Remembering the greatest generation

Published 12:00 am Saturday, December 7, 2013

This Saturday, December 7th, America will observe the 72nd
anniversary of Japan’s sneak
attack on Pearl Harbor. President Franklin Roosevelt called it “a day of infamy” that will live in the memory of every American alive at that time.
Nancy Acosta and I were both seven years old at that time. She was living miles away in Pearl Harbor with her family as her dad was in the Navy and stationed there.  On that Sunday morning, Nancy
was getting ready to attend church with her family wearing a white dress her mother had made. Her family survived the attack and so did her pretty white dress that she still has covered with oil stains. A grim reminder of that awful day, when as a little girl, was protected by God.
Nancy served in the Army and met her husband, Leroy Acosta, (now deceased) who was in the Navy.  They settled in LaPlace and raised two girls – Kelly Turner (Daryl) and Rebecca Simoneaux (Scott). Nancy is now a resident of the Southeast Louisiana Veterans Home.
 I was sitting with my dad at a football game that historic day. Reserve was playing St. James for the River Parish championship. I remember that day like it was yesterday. We were sitting on the top row in the south end of the stadium.
At halftime, Inez Madere Millet (now deceased), in her band uniform, shouted to the crowd, “The Japanese have attacked Pearl Harbor!” In a split second, my dad’s face changed to one of shock and a spirit of fear came over him. I don’t remember much of the game after halftime, but later found out that Reserve won 20-7.
The next month, on January 15, 1942, five members of that team joined the U.S. Marines. They were Billy Sutton, Marion Robert, Shirley Maus, Gerard Loupe and Clarence “Nick” Duhe. Marion Robert was killed November 20, 1943 in Tarawa.  One of the players who enlisted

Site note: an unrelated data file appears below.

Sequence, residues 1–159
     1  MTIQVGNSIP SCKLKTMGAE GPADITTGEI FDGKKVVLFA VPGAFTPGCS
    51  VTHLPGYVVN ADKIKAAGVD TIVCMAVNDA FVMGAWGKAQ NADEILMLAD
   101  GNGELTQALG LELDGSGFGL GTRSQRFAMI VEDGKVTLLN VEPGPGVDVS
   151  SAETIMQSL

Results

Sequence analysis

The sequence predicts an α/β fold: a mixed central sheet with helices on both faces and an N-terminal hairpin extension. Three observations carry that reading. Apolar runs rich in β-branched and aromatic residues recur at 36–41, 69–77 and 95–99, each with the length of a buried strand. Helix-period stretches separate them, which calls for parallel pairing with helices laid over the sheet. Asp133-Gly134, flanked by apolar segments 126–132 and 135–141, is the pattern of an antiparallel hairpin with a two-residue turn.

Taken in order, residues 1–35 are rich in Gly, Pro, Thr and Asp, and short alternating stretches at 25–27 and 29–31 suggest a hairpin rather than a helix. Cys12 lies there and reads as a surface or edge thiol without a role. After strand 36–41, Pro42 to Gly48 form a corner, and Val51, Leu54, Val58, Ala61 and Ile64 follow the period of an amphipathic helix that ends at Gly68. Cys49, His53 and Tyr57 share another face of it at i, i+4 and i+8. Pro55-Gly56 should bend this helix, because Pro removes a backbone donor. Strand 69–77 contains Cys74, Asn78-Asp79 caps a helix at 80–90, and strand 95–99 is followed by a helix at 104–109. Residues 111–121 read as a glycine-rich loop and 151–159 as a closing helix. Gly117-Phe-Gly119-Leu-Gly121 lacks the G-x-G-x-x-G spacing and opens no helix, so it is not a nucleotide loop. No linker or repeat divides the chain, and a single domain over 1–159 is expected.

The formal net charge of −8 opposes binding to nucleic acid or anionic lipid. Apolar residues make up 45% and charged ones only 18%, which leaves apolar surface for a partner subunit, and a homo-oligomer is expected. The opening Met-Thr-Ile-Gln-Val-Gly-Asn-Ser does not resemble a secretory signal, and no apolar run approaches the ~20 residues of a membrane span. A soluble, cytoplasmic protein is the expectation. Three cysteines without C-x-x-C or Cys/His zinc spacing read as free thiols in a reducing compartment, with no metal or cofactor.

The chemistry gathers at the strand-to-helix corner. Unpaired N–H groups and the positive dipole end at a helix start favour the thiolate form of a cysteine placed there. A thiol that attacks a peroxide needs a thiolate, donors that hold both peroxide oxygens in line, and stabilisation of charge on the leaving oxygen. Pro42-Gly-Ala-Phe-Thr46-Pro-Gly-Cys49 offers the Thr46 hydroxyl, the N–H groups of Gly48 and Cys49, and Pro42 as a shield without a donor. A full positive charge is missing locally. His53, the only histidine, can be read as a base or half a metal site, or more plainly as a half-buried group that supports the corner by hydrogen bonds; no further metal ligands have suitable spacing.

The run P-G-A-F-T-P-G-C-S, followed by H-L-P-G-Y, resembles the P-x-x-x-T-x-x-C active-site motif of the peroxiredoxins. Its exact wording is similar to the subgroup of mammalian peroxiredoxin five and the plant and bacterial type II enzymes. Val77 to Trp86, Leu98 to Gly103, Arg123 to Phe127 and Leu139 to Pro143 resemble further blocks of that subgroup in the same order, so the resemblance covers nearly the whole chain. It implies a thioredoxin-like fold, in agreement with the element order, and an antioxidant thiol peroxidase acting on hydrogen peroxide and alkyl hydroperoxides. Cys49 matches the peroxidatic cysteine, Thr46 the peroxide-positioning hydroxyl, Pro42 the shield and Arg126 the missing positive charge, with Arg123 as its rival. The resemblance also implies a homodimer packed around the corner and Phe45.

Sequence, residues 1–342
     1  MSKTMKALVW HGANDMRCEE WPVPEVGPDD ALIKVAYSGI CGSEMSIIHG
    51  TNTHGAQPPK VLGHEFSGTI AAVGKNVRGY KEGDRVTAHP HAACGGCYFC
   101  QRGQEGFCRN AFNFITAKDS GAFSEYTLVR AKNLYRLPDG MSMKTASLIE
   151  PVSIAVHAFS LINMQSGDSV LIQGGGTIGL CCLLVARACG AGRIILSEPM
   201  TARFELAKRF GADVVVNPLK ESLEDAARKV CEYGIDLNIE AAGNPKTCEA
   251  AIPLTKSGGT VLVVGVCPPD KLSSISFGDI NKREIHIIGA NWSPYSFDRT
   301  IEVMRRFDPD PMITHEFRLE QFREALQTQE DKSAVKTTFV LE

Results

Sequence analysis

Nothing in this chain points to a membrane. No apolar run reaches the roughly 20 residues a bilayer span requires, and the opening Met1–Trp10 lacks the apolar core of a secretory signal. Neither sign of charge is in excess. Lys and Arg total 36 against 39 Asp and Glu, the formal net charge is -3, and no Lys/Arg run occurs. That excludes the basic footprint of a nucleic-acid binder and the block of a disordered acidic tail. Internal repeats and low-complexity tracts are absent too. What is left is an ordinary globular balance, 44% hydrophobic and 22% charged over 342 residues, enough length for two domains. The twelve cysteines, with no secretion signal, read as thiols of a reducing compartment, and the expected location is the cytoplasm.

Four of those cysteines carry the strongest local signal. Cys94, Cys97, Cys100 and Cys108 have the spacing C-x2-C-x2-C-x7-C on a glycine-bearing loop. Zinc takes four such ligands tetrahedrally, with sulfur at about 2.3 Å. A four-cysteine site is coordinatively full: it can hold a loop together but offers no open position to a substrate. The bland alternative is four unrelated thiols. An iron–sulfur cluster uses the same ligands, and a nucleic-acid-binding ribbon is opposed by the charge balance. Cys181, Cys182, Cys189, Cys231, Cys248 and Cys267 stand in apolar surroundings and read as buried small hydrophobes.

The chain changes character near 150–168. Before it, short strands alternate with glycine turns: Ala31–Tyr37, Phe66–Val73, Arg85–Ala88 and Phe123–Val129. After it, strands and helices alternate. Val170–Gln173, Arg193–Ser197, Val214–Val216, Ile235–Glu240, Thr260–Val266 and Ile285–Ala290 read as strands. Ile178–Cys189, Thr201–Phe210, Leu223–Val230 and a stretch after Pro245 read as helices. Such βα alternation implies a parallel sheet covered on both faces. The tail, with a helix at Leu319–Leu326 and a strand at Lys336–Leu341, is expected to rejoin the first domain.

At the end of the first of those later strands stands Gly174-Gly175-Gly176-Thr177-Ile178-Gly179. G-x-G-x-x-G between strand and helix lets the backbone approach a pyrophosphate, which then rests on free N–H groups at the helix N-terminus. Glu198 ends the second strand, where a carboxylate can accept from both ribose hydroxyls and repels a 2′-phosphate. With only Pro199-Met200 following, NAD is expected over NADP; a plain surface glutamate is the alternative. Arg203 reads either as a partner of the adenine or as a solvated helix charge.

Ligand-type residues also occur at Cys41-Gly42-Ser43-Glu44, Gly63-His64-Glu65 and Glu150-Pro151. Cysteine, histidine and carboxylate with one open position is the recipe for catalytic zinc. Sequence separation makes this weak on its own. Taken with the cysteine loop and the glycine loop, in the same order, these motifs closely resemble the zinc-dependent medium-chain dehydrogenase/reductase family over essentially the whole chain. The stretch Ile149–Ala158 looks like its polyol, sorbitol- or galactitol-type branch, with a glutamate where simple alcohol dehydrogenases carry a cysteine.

with him was by his side as he
died. He was one of 31 young men from St. John Parish who paid the ultimate price to protect our freedom.    
During the war, my dad would listen to the news every night on the radio. He was concerned about our country and, especially, because of the fact that he had four brothers serving in the military. Aristide “Eaky,” one of his brothers, was killed in France in 1944.   
I remember food rationing, especially, sugar and butter, and, also, the newspaper and scrap iron drives. I remember being at the Reserve Community Club swimming pool when the U.S. dropped the A bomb.
As the war ended, America had shown the rest of the world that, together, we had won the war.  
It’s been a long time since that Sunday morning in December when we were attacked. We were a proud people who defeated Germany and Japan.
Tom Brokan wrote a book titled, “The Greatest Generation.” I don’t think anyone will disagree with that but may agree, as I do, that we will never recapture the spirit America once had.
If you have any questions, or comments, please write to Get High on Life, P.O. Drawer U, Reserve, LA 70084, call (985) 652-8477, or e-mail: